specialty is deciphering blood spatter patterns, but he has a secret as well
as a gift. When he's on the clock, he interprets crime scenes and helps to
pursue criminals, but in his spare time he pursues the most reprehensible
criminals much more aggressively. He identifies them, stalks them, abducts
them, and eventually, after extracting both a confession and some pain,
murders them. In other words, Dexter investigates serial killers by day and
is one by night.

Uncomfortable premise? You bet. But Lindsay's bloody protagonist is a
perfect fit for what's happening in cable lately. On "The Sopranos," Tony
strangled a stoolie in an early episode but we still didn't reject him. On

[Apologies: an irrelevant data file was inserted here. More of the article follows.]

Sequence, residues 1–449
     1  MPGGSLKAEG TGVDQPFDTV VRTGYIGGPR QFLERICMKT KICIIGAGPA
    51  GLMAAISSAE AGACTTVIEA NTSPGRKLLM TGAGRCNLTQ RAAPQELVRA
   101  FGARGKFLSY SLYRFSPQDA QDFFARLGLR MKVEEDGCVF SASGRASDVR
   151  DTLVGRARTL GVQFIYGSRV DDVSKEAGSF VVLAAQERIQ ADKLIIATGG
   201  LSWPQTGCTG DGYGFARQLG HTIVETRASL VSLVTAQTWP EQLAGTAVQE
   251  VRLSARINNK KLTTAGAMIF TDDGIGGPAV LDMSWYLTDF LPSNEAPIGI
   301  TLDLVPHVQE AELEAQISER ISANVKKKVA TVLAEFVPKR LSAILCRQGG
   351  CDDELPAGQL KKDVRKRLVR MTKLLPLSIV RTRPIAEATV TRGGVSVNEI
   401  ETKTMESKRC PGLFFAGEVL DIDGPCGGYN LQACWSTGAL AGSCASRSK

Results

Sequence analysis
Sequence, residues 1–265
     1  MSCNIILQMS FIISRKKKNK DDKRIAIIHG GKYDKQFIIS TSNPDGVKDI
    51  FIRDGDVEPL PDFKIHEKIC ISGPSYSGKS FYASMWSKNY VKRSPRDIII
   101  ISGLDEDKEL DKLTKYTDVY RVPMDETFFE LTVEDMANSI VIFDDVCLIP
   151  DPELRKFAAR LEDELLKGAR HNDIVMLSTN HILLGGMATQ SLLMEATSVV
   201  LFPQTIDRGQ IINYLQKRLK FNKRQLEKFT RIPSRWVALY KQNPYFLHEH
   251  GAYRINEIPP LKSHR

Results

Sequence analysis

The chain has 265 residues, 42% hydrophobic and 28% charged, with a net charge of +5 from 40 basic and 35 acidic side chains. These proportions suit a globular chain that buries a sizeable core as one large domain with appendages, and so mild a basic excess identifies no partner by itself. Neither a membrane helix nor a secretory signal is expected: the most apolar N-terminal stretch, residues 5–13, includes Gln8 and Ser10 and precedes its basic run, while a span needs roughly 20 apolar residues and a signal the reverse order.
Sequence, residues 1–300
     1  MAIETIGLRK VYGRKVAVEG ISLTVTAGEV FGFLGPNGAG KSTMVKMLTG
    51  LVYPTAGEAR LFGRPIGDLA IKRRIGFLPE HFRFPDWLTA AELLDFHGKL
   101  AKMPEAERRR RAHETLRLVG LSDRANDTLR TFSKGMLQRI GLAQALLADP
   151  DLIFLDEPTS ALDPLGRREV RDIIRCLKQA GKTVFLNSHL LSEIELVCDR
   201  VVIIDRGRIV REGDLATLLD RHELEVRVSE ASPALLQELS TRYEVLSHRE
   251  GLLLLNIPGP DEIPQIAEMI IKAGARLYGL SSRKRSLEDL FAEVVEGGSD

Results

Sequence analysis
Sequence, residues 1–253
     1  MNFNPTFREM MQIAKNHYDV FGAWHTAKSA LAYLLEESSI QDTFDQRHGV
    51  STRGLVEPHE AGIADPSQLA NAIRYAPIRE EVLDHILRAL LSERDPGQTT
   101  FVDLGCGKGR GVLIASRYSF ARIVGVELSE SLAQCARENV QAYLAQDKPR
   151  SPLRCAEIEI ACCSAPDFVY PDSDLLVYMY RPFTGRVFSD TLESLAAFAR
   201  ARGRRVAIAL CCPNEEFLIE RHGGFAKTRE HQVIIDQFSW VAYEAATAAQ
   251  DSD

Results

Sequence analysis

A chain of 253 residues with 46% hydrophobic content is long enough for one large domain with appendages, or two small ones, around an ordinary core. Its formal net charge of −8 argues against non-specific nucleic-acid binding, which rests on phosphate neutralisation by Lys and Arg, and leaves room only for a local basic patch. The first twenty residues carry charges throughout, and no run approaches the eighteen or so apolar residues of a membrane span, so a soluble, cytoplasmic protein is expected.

"The Shield," Vic Mackey shot a fellow cop, and that was in the opening
episode. Several seasons later, after all sorts of moral lapses, he's still
got us on his side. So Dexter, as a killer character, isn't really that
cutting edge, even though in his case, his cutting edge is on the end of a
scalpel or a saw.

What makes "Dexter" great instead of merely grisly? It's got a darkly comic
tone, which makes the subject easier to take, sort of like the Coen brothers'
movie "Fargo," which made you laugh even as a body was being run through a
wood chipper. And while the series has strong support from Julie Benz and
other actors, the reason "Dexter" works so well has almost everything to do
with the amazing star turn by Hall in the title role. If you knew and loved
him as David Fisher, the uptight gay funeral service director in HBO's "Six
Feet Under," you may be astounded at his metamorphosis here. Once again, he's